The lyrics to the title song "....I'm dreaming of a white Christmas, just like the ones I used to know..." will certainly fit the bill, living on a tropical island. The song "Sisters" always puts a smile on my face, and "Count Your Blessings" may help inspire me to feel grateful that I'm alive during my darkest moments alone on the island. You can't beat an Irving Berlin soundtrack set against island living!




#3: The Poseidon Adventure (1972)

I want to make sure I have a variety of genres to watch while I'm stuck in one place. I think the action-adventure film The Poseidon Adventure will hold my attention. Sometimes people forget that this disaster film takes place aboard a cruise ship over the New Year's holiday. Remember the scene after the boat flips upside down where some of the crew and passengers climb up the inverted Christmas tree to reach the upper decks of the ship? Yeah--the ship still had its Christmas tree decorated and standing in one of the grand halls during the holiday cruise. Maybe some of the harrowing attempts at survival will be inspirational on the island. If I ever get desperate enough to think I can rescue myself from the island by trying to swim out into the ocean, I think Shelley Winters' final scene may set me straight. Don't be a hero, Joanna.



#2: Mon Oncle Antoine (1971)

If I'm going to be on this island for awhile, I'll crave a bit of art and culture too. This award-winning, critically-praised masterpiece of Canadian filmmaking takes place over Christmas. Although the emotions in this story are heavy, perhaps even smothering--it is NOT a sugary treat--this film is a brilliant reminder of the subtlety of emotion and the complexity of human experiences. I anticipate needing some edification as well as something complex enough to stimulate and satisfy the intellectual side of my brain while on this island. This should do.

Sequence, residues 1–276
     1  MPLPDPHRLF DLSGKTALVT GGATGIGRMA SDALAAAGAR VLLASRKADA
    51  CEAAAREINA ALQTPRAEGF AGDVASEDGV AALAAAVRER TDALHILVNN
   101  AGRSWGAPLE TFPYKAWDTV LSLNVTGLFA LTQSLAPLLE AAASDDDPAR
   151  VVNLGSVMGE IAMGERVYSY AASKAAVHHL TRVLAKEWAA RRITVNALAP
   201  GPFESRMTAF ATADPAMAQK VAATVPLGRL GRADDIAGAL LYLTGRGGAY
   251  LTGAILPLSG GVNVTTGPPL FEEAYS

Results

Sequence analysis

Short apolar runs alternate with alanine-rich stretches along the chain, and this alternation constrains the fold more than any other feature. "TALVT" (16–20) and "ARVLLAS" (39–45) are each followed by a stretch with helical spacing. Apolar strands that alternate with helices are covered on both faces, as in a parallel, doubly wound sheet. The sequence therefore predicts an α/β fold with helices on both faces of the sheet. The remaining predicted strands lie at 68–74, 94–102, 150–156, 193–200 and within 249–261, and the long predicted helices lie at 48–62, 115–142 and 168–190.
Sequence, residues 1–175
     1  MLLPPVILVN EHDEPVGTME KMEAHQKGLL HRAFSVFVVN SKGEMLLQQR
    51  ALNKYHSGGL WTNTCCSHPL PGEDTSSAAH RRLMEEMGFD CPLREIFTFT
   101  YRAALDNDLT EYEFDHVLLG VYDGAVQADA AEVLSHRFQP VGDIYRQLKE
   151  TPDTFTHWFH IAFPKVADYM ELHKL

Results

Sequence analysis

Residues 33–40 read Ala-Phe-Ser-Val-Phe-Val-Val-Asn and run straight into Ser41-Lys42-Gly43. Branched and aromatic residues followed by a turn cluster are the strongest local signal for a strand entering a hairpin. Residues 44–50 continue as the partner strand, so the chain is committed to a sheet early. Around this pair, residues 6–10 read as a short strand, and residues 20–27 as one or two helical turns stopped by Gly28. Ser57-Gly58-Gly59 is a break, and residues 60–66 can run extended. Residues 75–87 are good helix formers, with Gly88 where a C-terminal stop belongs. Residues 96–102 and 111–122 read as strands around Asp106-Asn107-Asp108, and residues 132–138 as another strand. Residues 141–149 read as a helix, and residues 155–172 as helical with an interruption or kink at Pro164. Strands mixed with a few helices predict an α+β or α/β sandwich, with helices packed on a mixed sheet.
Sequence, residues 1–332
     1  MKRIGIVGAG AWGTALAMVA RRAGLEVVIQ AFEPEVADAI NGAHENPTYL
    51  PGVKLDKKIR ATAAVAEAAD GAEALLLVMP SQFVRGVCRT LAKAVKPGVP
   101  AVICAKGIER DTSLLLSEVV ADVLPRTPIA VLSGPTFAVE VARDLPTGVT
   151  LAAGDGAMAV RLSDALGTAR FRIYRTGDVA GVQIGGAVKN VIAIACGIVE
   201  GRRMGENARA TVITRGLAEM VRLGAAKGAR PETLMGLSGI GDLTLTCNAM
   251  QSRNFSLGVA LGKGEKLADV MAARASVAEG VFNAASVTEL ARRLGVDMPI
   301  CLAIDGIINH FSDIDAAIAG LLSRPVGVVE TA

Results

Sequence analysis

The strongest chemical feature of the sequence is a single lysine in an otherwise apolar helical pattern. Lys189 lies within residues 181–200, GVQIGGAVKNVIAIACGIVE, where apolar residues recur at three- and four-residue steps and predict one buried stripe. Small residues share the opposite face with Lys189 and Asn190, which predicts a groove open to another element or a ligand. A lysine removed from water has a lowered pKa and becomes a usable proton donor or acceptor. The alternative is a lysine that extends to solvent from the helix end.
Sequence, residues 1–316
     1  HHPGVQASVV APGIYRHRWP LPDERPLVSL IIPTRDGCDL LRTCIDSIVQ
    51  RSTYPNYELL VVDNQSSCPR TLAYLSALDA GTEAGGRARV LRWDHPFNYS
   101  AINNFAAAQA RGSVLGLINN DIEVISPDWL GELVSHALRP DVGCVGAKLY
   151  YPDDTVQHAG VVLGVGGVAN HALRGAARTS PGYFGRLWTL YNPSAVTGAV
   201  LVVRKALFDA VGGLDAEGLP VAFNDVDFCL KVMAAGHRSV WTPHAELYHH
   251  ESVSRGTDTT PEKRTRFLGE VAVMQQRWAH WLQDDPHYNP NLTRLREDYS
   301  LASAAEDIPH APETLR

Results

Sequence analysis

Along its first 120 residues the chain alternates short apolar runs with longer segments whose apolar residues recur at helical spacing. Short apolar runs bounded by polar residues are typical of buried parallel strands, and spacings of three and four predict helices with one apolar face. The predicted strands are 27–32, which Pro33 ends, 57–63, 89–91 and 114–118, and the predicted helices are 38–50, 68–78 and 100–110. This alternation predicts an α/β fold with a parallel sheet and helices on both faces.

#1: The Star Wars Holiday Special (1978)

If you haven't already figured it out, I wouldn't really enjoy being stuck on a tropical island. The experience doesn't sound like paradise to me--it resembles torture.  So if I'm on a deserted island, my efforts will focus on trying to escape. Here's my best plan: request that the Star Wars Holiday Special be made available to me on my island. Since the 2 hour production no longer officially exists (George Lucas stopped acknowledging its existence decades ago), any search for an official print of the movie will alert certain people of importance. Disney purchased the Lucas catalog a few years back--so aggressive Disney lawyers will become involved. After they hunt down my location to deliver a cease & desist/restraint order, I'll have access to a lawyer's boat to escape my deserted island! My plan doesn't require me to actually watch the absolutely awful Star Wars Holiday Special--not again, please!--but merely to request a print for my island visit.